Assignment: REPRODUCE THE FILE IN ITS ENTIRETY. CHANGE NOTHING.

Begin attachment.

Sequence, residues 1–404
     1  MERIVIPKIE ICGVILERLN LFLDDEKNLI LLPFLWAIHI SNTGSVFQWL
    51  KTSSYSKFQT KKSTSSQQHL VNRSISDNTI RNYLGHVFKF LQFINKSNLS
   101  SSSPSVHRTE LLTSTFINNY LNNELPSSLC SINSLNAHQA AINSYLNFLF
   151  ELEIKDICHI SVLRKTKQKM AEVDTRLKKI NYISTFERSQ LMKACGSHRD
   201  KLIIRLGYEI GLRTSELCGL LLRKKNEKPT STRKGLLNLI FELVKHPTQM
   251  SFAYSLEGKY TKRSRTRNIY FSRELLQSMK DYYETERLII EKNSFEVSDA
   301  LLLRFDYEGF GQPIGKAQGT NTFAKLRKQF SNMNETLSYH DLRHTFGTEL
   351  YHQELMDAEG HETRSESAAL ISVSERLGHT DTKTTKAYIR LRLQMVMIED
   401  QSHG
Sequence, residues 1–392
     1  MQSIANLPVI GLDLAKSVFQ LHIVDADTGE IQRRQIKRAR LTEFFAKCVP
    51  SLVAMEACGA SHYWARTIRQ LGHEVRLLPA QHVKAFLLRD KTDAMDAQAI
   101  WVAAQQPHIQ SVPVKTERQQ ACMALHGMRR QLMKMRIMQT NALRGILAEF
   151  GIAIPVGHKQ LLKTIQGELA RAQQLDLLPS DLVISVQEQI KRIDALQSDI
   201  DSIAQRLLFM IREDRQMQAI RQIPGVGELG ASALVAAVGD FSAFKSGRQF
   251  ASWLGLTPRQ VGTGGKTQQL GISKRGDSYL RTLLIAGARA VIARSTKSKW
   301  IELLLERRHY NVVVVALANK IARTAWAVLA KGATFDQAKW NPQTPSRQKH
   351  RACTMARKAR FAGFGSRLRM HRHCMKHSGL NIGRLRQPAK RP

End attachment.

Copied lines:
Sequence, residues 1–404
     1  MERIVIPKIE ICGVILERLN LFLDDEKNLI LLPFLWAIHI SNTGSVFQWL
    51  KTSSYSKFQT KKSTSSQQHL VNRSISDNTI RNYLGHVFKF LQFINKSNLS
   101  SSSPSVHRTE LLTSTFINNY LNNELPSSLC SINSLNAHQA AINSYLNFLF
   151  ELEIKDICHI SVLRKTKQKM AEVDTRLKKI NYISTFERSQ LMKACGSHRD
   201  KLIIRLGYEI GLRTSELCGL LLRKKNEKPT STRKGLLNLI FELVKHPTQM
   251  SFAYSLEGKY TKRSRTRNIY FSRELLQSMK DYYETERLII EKNSFEVSDA
   301  LLLRFDYEGF GQPIGKAQGT NTFAKLRKQF SNMNETLSYH DLRHTFGTEL
   351  YHQELMDAEG HETRSESAAL ISVSERLGHT DTKTTKAYIR LRLQMVMIED
   401  QSHG
Sequence, residues 1–392
     1  MQSIANLPVI GLDLAKSVFQ LHIVDADTGE IQRRQIKRAR LTEFFAKCVP
    51  SLVAMEACGA SHYWARTIRQ LGHEVRLLPA QHVKAFLLRD KTDAMDAQAI
   101  WVAAQQPHIQ SVPVKTERQQ ACMALHGMRR QLMKMRIMQT NALRGILAEF
   151  GIAIPVGHKQ LLKTIQGELA RAQQLDLLPS DLVISVQEQI KRIDALQSDI
   201  DSIAQRLLFM IREDRQMQAI RQIPGVGELG ASALVAAVGD FSAFKSGRQF
   251  ASWLGLTPRQ VGTGGKTQQL GISKRGDSYL RTLLIAGARA VIARSTKSKW
   301  IELLLERRHY NVVVVALANK IARTAWAVLA KGATFDQAKW NPQTPSRQKH
   351  RACTMARKAR FAGFGSRLRM HRHCMKHSGL NIGRLRQPAK RP